MCPyV is thought to play a role in MCC tumorigenesis . Although a causal link between MCPyV and other types of malignancy has not been established to date, recent studies have presented evidence of MCPyV detection in several cancers. Our previous findings showed that MCPyV was present in 4/30 cutaneous SCCs (13%) among Japanese patients . A German group showed that 7/28 cutaneous SCCs (25%) were positive for MCPyV . In other studies from North America, 26/177 cutaneous SCCs (15%) and 2/15 SCCs (13%) were positive for MCPyV [7, 34]. Thus, the prevalence of MCPyV in cutaneous SCCs has been confirmed among distinct geographic populations. The present study demonstrated that the prevalence of MCPyV in cervical SCCs is close to that seen in cutaneous SCCs.
For detecting MCPyV, we used two primer sets targeting the LT and VP1 regions, which gave different detection rates. Given the decreased amplification efficiency of larger amplicons by PCR of FFPE tissues, the LTsh primers should have detected MCPyV in more cases than the VP1 primers. Otherwise, PCR amplification might be hampered by mutations or deletions that exist in the primer regions, as suggested by recent studies [9, 40].
The occurrence of false positive PCR results is unlikely. Our PCR runs were always performed using the appropriate controls and the negative controls were consistently negative in all experiments. To confirm that the PCR products contained MCPyV-specific DNA sequences but not artifacts, and to exclude the possibility of cross-contamination, we sequenced all the PCR products. Obvious variations in the DNA sequences were found in the MCPyV VP1 gene. The sequencing results revealed the existence of three variants of the VP1 in our cases. The amino acid substitutions were present at three distinct positions, among which the replacement of glutamic acid with glutamine was found previously between two North American isolates, MCC350 and w162 . Thus, amino acid substitutions are likely to occur frequently in MCPyV. The same was also reported among French MCPyV isolates . On the other hand, amino acid substitutions at other locations would contribute to the antigenic diversity of the Japanese MCPyV. Any potential role of these substitutions remains to be elucidated.
We conducted immunohistochemistry of the MCPyV DNA-positive cervical SCCs and ACs to study the localization of MCPyV. CM2B4, a mouse monoclonal antibody to the MCPyV LT antigen, is available commercially and has been used widely for immunohistochemistry. Recently, a Japanese group generated a rabbit polyclonal antibody targeting a broader LT antigenic region than CM2B4 . In addition to the CM2B4 monoclonal antibody, we employed this polyclonal antibody for immunohistochemistry in some cases. Both antibodies resulted in homogeneous or speckled nuclear staining of the tumor cells, indicating that MCPyV exists in cervical cancer cells. Nonspecific staining of the tissues is unlikely, because no signals were detected in the MCPyV PCR-negative samples and because our immunohistochemical method with the CM2B4 antibody was controlled by testing an isotype-matched control antibody. However, in some cases, weak immunoreactivity against these antibodies was also observed in a few surrounding normal cells. Therefore, we then performed PCR using DNAs extracted from normal tissues of the same patients with MCPyV PCR-positive cervical cancers, but neither the LTsh nor VP1 primers detected MCPyV DNA (data not shown). These findings suggest that the MCPyV genome was also present in nonneoplastic tissues of the uterine cervix at levels not detectable by PCR. The findings of semiquantitative immunohistochemistry did not correspond with the viral copy numbers detected by quantitative real-time PCR. A possible interpretation on the results would be that DNA in archived formalin-fixed tissues might be fragmented in the primer-targeting gene areas, and thereby the viral DNA copy numbers might be underestimated .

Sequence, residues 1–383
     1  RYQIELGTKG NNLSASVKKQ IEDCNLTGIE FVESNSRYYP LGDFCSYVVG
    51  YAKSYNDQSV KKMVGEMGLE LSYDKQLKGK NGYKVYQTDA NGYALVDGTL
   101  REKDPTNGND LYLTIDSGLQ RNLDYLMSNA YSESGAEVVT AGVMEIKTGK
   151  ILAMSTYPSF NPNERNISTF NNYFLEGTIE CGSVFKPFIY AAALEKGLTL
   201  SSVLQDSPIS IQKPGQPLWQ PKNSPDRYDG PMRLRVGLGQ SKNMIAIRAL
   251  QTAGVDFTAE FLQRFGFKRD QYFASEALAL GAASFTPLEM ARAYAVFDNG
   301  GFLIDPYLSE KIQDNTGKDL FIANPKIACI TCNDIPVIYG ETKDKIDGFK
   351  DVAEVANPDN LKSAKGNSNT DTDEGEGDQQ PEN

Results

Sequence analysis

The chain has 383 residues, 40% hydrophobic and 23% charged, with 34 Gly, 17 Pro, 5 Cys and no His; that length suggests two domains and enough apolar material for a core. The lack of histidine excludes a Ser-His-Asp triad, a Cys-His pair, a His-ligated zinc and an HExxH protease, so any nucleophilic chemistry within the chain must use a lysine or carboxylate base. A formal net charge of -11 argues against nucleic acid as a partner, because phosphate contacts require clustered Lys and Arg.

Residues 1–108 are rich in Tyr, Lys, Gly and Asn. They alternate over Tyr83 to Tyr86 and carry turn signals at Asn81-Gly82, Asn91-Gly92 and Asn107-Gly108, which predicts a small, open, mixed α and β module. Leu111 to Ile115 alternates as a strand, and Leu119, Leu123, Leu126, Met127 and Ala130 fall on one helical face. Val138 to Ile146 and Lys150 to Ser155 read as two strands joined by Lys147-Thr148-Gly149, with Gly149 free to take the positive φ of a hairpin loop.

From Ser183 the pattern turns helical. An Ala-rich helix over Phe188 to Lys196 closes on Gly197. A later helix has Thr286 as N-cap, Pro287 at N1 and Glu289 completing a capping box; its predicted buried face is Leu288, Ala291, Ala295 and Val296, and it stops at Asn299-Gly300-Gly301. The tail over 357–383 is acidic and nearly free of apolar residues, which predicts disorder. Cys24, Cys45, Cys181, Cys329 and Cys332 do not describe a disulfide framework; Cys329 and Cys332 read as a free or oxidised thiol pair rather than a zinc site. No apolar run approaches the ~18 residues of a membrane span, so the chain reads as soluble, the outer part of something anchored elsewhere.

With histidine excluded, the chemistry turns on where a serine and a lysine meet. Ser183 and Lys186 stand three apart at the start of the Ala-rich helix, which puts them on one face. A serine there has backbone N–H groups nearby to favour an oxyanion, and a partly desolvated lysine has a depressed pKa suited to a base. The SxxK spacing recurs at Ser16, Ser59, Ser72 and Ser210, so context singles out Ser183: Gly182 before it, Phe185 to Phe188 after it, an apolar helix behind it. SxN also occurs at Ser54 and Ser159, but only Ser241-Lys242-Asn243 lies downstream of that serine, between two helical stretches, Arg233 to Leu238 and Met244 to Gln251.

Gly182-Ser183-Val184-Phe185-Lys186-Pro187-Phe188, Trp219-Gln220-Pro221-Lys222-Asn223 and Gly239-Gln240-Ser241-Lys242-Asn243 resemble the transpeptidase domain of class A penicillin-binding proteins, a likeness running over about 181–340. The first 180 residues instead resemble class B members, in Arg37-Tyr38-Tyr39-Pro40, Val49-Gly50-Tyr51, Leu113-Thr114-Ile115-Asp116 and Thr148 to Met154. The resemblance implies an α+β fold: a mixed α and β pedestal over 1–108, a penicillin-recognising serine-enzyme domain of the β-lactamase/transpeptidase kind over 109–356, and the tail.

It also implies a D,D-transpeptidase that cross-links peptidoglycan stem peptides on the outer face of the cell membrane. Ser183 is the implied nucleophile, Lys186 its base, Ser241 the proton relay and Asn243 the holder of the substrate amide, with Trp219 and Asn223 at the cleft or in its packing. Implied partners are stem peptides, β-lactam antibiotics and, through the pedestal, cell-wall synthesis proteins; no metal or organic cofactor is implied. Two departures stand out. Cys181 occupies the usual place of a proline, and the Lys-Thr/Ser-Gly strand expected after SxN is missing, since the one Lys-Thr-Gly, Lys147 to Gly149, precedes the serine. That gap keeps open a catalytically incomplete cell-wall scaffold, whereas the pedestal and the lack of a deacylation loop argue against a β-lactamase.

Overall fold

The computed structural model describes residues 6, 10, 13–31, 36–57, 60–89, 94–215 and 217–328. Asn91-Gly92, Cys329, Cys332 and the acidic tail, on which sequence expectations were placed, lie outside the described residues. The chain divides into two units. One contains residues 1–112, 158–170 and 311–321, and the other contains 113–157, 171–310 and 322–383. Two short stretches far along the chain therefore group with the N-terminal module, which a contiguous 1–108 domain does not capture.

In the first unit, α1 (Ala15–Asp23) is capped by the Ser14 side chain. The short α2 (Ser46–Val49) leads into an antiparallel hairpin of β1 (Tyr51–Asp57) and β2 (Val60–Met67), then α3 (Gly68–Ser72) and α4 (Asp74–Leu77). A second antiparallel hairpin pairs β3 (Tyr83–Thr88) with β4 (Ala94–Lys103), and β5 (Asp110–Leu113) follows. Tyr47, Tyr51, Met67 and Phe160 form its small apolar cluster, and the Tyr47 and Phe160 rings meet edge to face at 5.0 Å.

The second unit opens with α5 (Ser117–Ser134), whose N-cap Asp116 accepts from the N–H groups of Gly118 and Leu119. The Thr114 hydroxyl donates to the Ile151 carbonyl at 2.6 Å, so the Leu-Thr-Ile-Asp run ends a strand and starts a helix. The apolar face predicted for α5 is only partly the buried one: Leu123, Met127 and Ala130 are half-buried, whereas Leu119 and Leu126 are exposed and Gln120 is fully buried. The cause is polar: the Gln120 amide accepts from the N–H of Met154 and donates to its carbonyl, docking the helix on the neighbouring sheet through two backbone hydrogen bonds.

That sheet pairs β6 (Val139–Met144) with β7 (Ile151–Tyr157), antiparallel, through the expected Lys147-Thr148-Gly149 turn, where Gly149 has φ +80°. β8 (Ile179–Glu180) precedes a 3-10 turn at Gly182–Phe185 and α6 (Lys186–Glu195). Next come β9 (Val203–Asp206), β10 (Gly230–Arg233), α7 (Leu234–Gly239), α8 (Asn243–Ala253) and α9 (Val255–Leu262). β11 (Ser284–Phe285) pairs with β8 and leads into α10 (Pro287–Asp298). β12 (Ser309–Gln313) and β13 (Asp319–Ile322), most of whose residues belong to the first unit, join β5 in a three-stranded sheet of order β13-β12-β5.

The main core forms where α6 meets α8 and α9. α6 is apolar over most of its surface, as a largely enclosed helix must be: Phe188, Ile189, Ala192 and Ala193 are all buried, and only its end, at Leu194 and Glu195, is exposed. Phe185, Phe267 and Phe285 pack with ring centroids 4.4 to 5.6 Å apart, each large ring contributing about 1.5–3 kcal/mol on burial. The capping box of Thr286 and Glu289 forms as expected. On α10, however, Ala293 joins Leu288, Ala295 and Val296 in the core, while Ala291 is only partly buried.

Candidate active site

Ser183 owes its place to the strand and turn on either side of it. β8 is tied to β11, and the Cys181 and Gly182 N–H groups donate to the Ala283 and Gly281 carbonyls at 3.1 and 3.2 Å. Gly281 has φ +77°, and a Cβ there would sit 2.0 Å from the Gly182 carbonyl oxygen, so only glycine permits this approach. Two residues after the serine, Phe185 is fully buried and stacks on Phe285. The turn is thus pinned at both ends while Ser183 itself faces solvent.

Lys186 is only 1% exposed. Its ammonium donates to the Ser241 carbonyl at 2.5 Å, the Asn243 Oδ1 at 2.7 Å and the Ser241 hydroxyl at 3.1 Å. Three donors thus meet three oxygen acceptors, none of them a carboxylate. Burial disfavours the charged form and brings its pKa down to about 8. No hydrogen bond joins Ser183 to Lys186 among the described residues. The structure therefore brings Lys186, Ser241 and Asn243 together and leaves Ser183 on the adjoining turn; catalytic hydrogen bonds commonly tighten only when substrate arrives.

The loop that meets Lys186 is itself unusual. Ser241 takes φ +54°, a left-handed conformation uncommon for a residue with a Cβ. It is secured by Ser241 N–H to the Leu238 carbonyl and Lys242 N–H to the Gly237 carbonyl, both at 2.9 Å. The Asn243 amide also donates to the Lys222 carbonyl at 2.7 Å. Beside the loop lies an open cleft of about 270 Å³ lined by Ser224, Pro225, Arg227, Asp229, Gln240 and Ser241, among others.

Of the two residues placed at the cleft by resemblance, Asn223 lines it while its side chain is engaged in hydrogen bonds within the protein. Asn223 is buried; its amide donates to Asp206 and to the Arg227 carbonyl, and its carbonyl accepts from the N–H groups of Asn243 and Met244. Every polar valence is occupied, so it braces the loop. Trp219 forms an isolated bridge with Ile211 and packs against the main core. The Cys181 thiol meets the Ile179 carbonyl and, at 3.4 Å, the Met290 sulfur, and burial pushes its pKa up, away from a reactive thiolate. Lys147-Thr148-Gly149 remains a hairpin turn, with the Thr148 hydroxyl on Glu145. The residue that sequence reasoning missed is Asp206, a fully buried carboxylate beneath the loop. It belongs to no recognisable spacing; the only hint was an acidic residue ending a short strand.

Currently, more than 100 HPV types have been identified and classified into high-risk and low-risk types according to the probability of developing a cervical cancer . The high-risk HPV types are regarded as major causes of cervical cancer. Compared with Southeast Asia, Northern Africa, Europe and North America, HPV types 16 and 18 are less common and HPV types 31, 33, 52 and 58 are more common in Japanese patients with cervical cancers . In the present study, the high-risk HPV types were detected predictably in all Japanese MCPyV-positive samples. These were HPV types 16, 31 and 58 in MCPyV-positive SCCs and HPV types 16 and 18 in MCPyV-positive ACs. The HPV typing pattern suggested no direct association of MCPyV with HPV types.
So far, research on the etiology of cervical cancers has focused on HPV. The present study provides the first evidence that MCPyV is present in a subset of HPV-associated cervical cancers. Because the MCPyV LT antigen is considered to be an oncoprotein responsible for the MCPyV-dependent oncogenic pathway [40–43], expression of the MCPyV LT antigen in HPV-associated cervical cancer cells suggests that MCPyV could be a cofactor of HPV for tumor initiation and/or progression. In the present study, an MCPyV-positive status had a tendency to be found at earlier clinical stages, although this needs further study. Recently, Houben et al.  presented new evidence that MCPyV might only be needed for tumor initiation, but additional mutations during tumor progression render LT antigen expression dispensable for MCC carcinogenesis. Although we do not know yet whether MCPyV is such a transient “hit and run” infectious pathogen or just a passenger during the development of cervical cancer, our findings should stimulate further investigations to clarify these important issues.